Today is Easter, the day Christians will celebrate the apex of their faith, the resurrection of Jesus Christ. The Apostle Paul concisely summarized Easter’s message when he said in I Corinthians 15:3-5:
“I delivered to you as of first importance … that Christ died for our sins according to the Scriptures, and that he was buried, and that he was raised on the third day according to the Scriptures, and that he appeared to Cephas (Peter), then to the 12, after that he appeared to over 500 brethren at one time.”
More than 2,000 years later, the message is still the same. Christianity worships in awe at the foot of the cross, finding transcendent meaning in Christ’s death followed by joy, strength and comfort in the power of his resurrection.
Christians believe that sin crouches at humanity’s door, inhibiting communication with God. To re-establish communication with a perfectly holy God, a sacrifice was needed to pay for the people’s sins, and a mediator was needed between God and man. The idea of a mediator for Jews like Jesus and his followers was not new; the Jewish high priest mediated sacrifices for sin between God and man, yearly, on the Jewish Day of Atonement.
So it is not surprising to Christians when the Gospels teach that this Messiah’s death would mediate sin between God and man, ransom the sins of the world and fulfill God’s promise to Abraham that all nations, both Jew and gentile, would be blessed through him.
The twist here is that God sent his “only begotten son” in human form — the co-creator of the world — as Messiah and Savior. Christ’s experience of good and evil on Earth meant that those who sought salvation by faith in him would find comfort that God could intimately empathize with and understand life’s hopes, fears and anguishes, because Christ knew what it was like to be human. Moreover, the Savior’s gruesome death is a reminder of life’s fragility, man’s need for God and the brutal cost of sin upon all humanity.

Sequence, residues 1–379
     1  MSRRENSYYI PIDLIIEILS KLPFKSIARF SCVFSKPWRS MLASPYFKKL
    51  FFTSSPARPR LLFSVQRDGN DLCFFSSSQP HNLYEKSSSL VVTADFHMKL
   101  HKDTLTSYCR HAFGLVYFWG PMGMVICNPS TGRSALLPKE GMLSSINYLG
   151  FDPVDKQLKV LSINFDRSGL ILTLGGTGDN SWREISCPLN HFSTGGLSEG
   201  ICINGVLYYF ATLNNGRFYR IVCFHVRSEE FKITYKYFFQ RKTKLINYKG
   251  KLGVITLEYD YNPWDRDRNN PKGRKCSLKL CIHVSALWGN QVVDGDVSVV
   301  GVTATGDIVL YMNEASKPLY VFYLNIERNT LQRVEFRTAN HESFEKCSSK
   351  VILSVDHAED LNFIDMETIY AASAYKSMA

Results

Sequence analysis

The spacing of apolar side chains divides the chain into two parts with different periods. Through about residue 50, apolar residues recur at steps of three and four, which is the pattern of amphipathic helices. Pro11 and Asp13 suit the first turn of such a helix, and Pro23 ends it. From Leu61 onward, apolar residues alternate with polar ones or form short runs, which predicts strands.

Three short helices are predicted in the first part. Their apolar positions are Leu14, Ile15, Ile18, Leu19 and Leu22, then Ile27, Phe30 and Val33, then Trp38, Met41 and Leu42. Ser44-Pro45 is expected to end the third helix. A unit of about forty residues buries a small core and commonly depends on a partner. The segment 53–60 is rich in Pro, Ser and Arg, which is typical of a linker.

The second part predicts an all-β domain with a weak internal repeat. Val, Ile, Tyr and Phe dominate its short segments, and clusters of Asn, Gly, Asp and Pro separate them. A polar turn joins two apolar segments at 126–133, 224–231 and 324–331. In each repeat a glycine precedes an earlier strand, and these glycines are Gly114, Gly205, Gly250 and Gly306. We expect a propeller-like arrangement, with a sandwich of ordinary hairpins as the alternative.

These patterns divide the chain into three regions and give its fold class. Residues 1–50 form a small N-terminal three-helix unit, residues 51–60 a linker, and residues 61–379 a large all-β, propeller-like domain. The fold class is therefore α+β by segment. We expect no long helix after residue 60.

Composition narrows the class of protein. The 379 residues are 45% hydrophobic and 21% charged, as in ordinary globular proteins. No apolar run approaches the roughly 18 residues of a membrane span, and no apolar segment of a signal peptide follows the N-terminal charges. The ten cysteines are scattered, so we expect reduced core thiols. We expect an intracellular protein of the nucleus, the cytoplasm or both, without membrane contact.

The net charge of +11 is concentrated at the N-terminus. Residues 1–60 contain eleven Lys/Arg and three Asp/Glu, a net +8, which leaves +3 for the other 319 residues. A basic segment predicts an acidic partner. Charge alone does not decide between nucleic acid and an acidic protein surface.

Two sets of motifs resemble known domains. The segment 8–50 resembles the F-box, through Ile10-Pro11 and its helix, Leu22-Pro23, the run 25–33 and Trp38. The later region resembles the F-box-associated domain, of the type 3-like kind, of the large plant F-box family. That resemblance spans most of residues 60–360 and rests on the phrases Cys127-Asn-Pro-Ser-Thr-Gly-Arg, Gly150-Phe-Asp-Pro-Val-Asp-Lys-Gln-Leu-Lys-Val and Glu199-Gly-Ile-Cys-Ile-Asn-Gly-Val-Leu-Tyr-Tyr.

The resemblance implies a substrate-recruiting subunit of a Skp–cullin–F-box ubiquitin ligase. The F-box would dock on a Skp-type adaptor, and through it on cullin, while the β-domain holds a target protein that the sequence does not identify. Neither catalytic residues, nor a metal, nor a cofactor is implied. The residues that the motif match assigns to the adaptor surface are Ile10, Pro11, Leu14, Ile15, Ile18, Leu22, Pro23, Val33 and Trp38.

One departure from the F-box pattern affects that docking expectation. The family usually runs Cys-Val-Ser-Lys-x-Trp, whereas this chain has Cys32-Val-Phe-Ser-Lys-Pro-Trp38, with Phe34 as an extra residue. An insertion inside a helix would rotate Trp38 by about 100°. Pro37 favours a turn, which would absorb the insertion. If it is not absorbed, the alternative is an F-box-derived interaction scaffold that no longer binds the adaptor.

If Christ’s death testifies to the cost of sin in this world, then his resurrection portrays the power of God’s grace and mercy for salvation. The greatest awe and mystery for Christians pondering the Messiah’s death is this: the hopelessness of death surprisingly burst into life.
The power of Christ’s resurrection revealed the promise of eternal life and spiritual riches that inspires greater love for God and a new, God-centered existence on Earth for his followers. These gifts are why Christ’s death upon the cross and his resurrection are cornerstones of the Christian faith. These gifts are also the reason so much joy is expressed by Christians on Easter morning, and why churches around the world echo today with the refrains of “He is risen” followed by, “He has risen, indeed.”
Easter is an excellent day to reflect on life’s fragility, as well as how love, redemption, forgiveness and mercy might be better worked out in our lives and extended to others. It is also a good day to gratefully acknowledge the resurrection theme that plays throughout our own lives, at those traumatic crossroads we sometimes reach when hope dies, only to burst forth again with greater joy, strength and comfort than we could ever possibly imagine.
We wish you a blessed Easter.